14 Mar How Being A Good Poker Player Could Make You A Good Trader
While at first the notion that being good at poker could help you become a good trader may seem hard to believe, the reality is that there are numerous components of poker which lend themselves towards developing your skills as a trader. Some of the individuals who have tried their hand at both have enjoyed considerable success – examples include: Andy Frankenberger who was a trader at BNP Paribas and JP Morgan before winning over 5 million across World Series of Poker events; while Bill Chen made the leap from being a professional poker player who won 1.6m to now leading the Statistical Arbitrage Department at Susquehanna International Group.
In considering the characteristics that are transferrable between the two careers, it’s important to clarify that the applications they are applied towards vary considerably. However, in saying this, evident traits include:
Personality – both are renowned for possessing a competitive nature, while also committed, determined and focused on what they do so that they may become the best in their field. Furthermore, patience and calmness are what distinguish them from their less successful peers who often act hastily without extensive research, or analysis of their trades and success levels.
Understanding – being able to quickly calculate probabilities and potential earnings is paramount to trading and playing poker. Furthermore, both rely extensively on risk assessments that govern their decision making (often, systematically organized). On this point, poker players and traders rely heavily on statistics from the past as well as those they predict in the future to arrive at their decision.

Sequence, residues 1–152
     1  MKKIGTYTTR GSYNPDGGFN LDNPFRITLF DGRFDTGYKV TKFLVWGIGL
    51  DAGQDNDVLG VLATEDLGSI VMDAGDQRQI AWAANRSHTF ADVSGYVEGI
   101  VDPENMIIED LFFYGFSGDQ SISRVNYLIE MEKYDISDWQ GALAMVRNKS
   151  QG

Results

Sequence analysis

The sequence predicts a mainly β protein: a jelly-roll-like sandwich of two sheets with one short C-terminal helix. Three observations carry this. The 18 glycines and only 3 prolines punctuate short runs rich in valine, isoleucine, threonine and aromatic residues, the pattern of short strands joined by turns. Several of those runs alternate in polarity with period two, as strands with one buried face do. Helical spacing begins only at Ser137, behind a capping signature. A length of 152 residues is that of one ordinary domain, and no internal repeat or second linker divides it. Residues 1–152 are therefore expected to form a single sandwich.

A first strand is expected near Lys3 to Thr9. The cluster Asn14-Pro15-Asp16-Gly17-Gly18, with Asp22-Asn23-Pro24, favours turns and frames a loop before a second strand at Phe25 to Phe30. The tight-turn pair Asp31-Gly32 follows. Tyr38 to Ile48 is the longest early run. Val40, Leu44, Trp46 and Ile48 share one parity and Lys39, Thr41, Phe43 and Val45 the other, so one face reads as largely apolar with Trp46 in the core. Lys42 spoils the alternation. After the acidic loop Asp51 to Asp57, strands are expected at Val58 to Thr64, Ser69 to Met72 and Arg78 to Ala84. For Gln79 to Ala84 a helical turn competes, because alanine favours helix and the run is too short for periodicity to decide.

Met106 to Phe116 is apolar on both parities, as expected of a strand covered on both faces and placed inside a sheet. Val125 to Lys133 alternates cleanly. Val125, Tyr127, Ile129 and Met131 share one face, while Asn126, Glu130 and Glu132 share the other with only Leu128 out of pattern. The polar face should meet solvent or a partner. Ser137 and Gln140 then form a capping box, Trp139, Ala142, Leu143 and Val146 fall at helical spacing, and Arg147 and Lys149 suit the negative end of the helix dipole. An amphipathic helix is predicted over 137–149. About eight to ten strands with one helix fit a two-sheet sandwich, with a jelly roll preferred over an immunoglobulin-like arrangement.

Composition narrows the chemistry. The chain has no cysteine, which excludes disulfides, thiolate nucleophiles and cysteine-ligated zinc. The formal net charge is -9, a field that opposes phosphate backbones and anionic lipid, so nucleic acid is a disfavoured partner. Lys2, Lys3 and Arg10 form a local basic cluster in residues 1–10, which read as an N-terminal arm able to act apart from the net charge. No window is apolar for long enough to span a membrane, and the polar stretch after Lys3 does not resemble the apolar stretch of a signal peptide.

Awareness – another common trait is the ability to consistently scan an environment for cues and signals that might assist. For poker players, this means trying to read their opponents or understand what cards have already been drawn or laid down. In trading, this might mean analyzing the depth of a particular equity, looking at chart patterns, following economic data, and assessing the activity of other market participants. Money management is another crucial component, with both participants highly skilled in managing their finances and exiting positions to cut their losses, or strengthening their position once they spot a winning trade.
One thing that the trader does benefit from however, is the extended period of time afforded to them to recover from a mistake – resultantly, this shows up in the fact that 36.7% of traders in the market are successful, while the corresponding number for poker players is far less at 10-12%.